Thursday, June 16, 2011

392. Stephen Jay Gould: Scientists Measure the Accuracy of His Racism Claim

Stephen Jay Gould

By Nicholas Wade, The New York Times, June 13, 2011
Scientists have often been accused of letting their ideology influence their results, and one of the most famous cases is that of Morton’s skulls — the global collection amassed by the 19th-century physical anthropologist Samuel George Morton.

In a 1981 book, “The Mismeasure of Man,” the paleontologist Stephen Jay Gould asserted that Morton, believing that brain size was a measure of intelligence, had subconsciously manipulated the brain volumes of European, Asian and African skulls to favor his bias that Europeans had larger brains and Africans smaller ones.
But now physical anthropologists at the University of Pennsylvania, which owns Morton’s collection, have remeasured the skulls, and in an article that does little to burnish Dr. Gould’s reputation as a scholar, they conclude that almost every detail of his analysis is wrong.
“Our results resolve this historical controversy, demonstrating that Morton did not manipulate his data to support his preconceptions, contra Gould,” they write in the current PLoS Biology.
Dr. Gould, who died in 2002, based his attack on the premise that Morton believed that brain size was correlated with intelligence. But there is no evidence that Morton believed this or was trying to prove it, said Jason E. Lewis, the leader of the Pennsylvania team. Rather, Morton was measuring his skulls to study human variation, as part of his inquiry into whether God had created the human races separately (a lively issue before Darwin decreed that everyone belonged to the same species).
In his book, Dr. Gould contended that Morton’s results were “a patchwork of fudging and finagling in the clear interest of controlling a priori convictions.” This fudging was not deliberate, Dr. Gould said, but rather an instance of unconscious doctoring of data, a practice he believed was “rampant, endemic and unavoidable” in science. His finding is widely cited as an instance of scientific bias and fallibility.
But the Penn team finds Morton’s results were neither fudged nor influenced by his convictions. They identified and remeasured half of the skulls used in his reports, finding that in only 2 percent of cases did Morton’s measurements differ significantly from their own. These errors either were random or gave a larger than accurate volume to African skulls, the reverse of the bias that Dr. Gould imputed to Morton.
“These results falsify the claim that Morton physically mismeasured crania based on his a priori biases,” the Pennsylvania team writes.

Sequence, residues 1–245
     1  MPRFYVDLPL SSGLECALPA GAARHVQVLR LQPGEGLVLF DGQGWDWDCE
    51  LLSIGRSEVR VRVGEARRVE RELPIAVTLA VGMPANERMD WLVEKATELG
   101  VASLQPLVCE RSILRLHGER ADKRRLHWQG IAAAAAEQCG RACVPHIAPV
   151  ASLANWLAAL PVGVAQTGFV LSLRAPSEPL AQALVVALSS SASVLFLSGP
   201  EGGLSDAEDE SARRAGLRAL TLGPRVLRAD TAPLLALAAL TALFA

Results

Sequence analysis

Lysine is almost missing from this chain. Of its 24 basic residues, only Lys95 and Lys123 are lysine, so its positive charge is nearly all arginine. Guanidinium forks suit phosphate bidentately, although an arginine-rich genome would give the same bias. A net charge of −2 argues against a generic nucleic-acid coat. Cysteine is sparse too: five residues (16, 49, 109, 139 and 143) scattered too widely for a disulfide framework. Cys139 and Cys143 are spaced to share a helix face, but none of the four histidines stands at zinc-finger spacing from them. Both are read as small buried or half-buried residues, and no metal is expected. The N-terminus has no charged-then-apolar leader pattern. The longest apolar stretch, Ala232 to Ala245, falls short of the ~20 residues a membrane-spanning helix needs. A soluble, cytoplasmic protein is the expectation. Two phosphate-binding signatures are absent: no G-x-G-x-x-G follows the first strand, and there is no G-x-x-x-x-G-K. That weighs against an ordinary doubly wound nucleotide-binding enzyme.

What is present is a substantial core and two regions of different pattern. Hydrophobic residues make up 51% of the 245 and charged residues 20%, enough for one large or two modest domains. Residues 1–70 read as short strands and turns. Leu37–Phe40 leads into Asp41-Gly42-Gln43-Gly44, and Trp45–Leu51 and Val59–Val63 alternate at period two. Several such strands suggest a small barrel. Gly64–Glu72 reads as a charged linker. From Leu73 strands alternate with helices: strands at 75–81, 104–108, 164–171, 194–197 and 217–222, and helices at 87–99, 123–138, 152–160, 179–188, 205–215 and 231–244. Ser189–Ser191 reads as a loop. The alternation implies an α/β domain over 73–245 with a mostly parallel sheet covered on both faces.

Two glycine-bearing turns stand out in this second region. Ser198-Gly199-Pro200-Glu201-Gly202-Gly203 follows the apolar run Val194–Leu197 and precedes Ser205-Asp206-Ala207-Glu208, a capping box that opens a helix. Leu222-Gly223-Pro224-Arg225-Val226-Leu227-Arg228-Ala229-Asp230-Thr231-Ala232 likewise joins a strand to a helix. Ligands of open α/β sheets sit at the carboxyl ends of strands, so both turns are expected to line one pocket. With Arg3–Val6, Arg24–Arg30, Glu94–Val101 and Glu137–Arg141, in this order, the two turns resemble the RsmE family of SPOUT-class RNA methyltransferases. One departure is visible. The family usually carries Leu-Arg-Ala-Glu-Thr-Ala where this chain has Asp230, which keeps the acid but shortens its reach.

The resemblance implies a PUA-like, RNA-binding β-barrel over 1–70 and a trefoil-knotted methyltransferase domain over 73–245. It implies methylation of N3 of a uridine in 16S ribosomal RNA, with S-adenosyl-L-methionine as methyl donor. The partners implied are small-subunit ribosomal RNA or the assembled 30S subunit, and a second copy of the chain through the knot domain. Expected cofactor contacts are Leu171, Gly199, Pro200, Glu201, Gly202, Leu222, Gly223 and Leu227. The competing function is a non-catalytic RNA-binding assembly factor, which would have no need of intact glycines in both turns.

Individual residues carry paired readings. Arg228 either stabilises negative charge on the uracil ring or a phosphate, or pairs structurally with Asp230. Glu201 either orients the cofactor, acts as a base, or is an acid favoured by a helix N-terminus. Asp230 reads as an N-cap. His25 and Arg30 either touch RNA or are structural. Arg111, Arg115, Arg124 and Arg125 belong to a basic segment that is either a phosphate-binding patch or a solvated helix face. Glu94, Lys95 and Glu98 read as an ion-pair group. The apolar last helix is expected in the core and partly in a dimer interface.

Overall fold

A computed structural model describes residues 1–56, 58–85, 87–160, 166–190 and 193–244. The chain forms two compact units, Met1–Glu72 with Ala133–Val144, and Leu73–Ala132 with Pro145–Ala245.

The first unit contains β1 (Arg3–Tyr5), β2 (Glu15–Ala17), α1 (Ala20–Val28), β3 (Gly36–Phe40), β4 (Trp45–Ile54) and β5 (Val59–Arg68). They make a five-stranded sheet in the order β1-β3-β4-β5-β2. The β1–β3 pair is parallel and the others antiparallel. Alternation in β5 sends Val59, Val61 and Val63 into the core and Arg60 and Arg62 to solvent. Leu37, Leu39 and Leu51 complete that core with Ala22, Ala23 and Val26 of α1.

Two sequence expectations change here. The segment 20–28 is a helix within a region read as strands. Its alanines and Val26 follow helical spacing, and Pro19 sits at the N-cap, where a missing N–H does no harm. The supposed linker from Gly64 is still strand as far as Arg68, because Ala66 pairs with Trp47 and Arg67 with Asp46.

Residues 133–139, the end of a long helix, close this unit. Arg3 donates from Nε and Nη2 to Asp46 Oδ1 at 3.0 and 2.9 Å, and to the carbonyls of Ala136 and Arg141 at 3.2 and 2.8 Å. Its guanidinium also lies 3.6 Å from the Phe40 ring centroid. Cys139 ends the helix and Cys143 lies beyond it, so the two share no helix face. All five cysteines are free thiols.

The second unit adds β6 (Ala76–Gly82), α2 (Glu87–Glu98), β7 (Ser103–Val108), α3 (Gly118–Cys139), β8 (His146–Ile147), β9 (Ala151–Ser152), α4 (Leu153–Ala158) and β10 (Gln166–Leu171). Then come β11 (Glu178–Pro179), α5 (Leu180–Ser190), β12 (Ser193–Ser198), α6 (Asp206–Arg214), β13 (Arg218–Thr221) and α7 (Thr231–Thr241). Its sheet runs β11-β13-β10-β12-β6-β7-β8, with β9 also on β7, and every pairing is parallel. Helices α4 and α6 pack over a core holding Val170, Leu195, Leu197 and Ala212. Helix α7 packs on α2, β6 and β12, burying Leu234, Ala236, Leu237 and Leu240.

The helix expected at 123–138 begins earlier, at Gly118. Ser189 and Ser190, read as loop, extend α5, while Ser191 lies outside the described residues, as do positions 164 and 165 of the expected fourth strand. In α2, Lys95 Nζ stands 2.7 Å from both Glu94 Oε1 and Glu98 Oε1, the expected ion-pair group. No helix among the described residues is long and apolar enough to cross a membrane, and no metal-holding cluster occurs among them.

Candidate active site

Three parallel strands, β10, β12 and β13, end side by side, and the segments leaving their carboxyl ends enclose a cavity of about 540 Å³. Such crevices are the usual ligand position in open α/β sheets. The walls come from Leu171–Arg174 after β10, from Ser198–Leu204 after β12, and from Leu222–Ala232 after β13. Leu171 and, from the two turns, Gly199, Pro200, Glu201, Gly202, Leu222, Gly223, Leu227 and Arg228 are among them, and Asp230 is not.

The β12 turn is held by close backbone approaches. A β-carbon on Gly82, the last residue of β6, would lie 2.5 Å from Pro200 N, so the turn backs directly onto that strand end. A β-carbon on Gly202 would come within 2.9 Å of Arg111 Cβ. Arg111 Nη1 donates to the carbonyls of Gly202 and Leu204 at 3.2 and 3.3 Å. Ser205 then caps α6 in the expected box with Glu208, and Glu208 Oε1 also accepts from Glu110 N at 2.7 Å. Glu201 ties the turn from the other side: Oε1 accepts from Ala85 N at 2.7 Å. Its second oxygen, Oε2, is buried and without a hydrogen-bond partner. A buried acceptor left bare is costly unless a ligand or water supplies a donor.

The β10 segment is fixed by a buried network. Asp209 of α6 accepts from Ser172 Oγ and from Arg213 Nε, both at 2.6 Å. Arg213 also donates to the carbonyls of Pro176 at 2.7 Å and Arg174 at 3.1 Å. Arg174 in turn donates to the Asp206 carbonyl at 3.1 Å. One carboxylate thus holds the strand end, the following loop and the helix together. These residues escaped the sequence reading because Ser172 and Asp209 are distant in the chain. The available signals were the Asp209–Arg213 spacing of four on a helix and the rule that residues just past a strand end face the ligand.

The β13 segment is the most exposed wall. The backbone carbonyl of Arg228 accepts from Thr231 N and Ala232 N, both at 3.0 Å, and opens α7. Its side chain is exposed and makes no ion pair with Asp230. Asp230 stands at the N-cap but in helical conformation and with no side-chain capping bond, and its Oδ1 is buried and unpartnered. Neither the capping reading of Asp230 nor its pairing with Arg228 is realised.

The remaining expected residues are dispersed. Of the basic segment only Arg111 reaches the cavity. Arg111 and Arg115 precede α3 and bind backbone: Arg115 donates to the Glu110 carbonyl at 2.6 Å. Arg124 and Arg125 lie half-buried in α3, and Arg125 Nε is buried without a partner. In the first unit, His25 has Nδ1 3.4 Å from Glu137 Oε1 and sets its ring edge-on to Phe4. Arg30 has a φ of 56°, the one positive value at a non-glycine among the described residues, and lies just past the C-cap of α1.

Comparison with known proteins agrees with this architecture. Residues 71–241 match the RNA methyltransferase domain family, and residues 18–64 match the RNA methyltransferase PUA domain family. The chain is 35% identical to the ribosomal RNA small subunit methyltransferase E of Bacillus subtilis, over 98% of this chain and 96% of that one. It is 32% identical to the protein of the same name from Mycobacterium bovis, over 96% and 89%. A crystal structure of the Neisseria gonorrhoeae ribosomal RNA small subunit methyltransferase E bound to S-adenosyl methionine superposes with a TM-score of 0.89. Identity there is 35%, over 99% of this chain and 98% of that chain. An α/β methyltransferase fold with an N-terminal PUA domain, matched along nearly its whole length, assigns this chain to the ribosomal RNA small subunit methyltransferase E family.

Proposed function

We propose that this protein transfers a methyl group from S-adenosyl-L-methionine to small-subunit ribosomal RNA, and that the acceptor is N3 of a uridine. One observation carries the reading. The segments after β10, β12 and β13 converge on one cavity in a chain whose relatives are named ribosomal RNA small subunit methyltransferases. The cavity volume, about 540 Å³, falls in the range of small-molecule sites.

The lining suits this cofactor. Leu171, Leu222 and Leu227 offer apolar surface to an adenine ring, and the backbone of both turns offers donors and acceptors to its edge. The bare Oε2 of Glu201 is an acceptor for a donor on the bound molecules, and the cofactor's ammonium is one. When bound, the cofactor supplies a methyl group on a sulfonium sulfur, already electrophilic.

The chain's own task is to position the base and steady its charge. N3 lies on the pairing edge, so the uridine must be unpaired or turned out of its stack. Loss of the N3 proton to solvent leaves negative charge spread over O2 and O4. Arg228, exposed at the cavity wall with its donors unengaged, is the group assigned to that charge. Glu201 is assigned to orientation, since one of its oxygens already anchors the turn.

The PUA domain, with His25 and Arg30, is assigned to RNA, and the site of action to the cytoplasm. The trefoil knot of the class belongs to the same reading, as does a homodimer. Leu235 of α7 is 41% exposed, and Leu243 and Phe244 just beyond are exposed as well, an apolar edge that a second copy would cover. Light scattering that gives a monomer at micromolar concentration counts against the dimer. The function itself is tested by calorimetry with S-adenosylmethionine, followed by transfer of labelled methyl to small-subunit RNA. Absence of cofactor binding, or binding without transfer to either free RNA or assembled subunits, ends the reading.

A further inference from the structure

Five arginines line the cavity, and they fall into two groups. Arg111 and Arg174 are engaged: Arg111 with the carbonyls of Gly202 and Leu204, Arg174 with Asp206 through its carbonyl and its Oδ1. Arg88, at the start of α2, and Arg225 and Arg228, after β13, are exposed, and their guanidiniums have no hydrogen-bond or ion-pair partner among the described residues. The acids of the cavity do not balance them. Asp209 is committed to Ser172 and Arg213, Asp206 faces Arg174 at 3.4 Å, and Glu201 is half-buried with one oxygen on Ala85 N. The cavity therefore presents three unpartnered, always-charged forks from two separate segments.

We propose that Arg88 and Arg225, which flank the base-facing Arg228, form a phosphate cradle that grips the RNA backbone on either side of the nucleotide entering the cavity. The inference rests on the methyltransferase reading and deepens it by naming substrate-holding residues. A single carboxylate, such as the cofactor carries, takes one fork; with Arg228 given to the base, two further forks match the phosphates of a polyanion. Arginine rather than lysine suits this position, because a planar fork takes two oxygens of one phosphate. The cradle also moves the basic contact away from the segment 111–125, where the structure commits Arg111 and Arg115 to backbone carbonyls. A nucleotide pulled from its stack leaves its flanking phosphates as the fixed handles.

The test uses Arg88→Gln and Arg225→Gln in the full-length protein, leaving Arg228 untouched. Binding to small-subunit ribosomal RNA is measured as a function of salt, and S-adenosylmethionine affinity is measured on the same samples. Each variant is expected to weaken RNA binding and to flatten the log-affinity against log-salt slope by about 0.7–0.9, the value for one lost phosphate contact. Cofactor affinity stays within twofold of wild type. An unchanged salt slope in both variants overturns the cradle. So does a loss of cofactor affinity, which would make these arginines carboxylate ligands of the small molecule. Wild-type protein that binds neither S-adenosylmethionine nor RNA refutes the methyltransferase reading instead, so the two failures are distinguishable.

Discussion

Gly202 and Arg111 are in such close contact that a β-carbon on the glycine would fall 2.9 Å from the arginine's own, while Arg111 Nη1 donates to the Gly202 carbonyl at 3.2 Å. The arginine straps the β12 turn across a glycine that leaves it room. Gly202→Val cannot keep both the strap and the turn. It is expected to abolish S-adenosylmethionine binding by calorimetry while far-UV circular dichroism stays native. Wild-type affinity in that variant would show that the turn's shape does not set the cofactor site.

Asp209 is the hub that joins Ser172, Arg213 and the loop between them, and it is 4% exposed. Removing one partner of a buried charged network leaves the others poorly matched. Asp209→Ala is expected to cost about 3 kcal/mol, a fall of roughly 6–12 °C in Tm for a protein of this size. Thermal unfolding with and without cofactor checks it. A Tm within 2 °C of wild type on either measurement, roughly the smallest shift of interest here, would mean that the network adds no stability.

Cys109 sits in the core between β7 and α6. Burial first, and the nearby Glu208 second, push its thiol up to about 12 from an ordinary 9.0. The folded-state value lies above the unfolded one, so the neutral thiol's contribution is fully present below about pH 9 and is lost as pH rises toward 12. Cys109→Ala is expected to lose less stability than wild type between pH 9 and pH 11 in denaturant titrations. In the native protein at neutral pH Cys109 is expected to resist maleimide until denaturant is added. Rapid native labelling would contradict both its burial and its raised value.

Dr. Gould did not measure any of the skulls himself but merely did a paper reanalysis of Morton’s results. He accused Morton of various subterfuges, like leaving out subgroups to manipulate a group’s overall score. When these errors were corrected, Dr. Gould said, “there are no differences to speak of among Morton’s races.”
But Dr. Gould himself omitted subgroups in his own reanalysis, and made various errors in his calculations. When these are corrected, the differences between the racial categories recognized by Morton are as he assigned them. “Ironically, Gould’s own analysis of Morton is likely the stronger example of a bias influencing results,” the Pennsylvania team writes.
Dr. Lewis, the lead author, said that on checking the references for some of Dr. Gould’s accusations he found that Morton had not made the errors attributed to him. “Those elements of Gould’s work were surprising,” he said. “I can’t say if they were deliberate.”
Dr. Lewis, who is now at Stanford University, began the project while at Penn.
An earlier study by John S. Michael, then an undergraduate at Penn, concluded that Morton’s results were “reasonably accurate,” with no clear sign of manipulation. But when others suggested Dr. Gould had been refuted, Philip Kitcher, a philosopher of science at Columbia University, rode to his defense.
“It is not entirely evident that one should prefer the measurements of an undergraduate to those of professional paleontologist,” he wrote in 2004. “Pending further measurement of the skulls and further analysis of the data, it seems best to let this grubby affair rest in a footnote.”
Dr. Kitcher said last week that the Penn team had done a “very careful job” and that “it’s a nice thing that undergraduate work gets vindicated.”
As for the new finding’s bearing on Dr. Gould’s reputation, Dr. Kitcher said: “Steve doesn’t come out as a rogue but as someone who makes mistakes. If Steve were around he would probably defend himself with great ingenuity.”
But Ralph L. Holloway, an expert on human evolution at Columbia and a co-author of the new study, was less willing to give Dr. Gould benefit of the doubt.
“I just didn’t trust Gould,” he said. “I had the feeling that his ideological stance was supreme. When the 1996 version of ‘The Mismeasure of Man’ came and he never even bothered to mention Michael’s study, I just felt he was a charlatan.”

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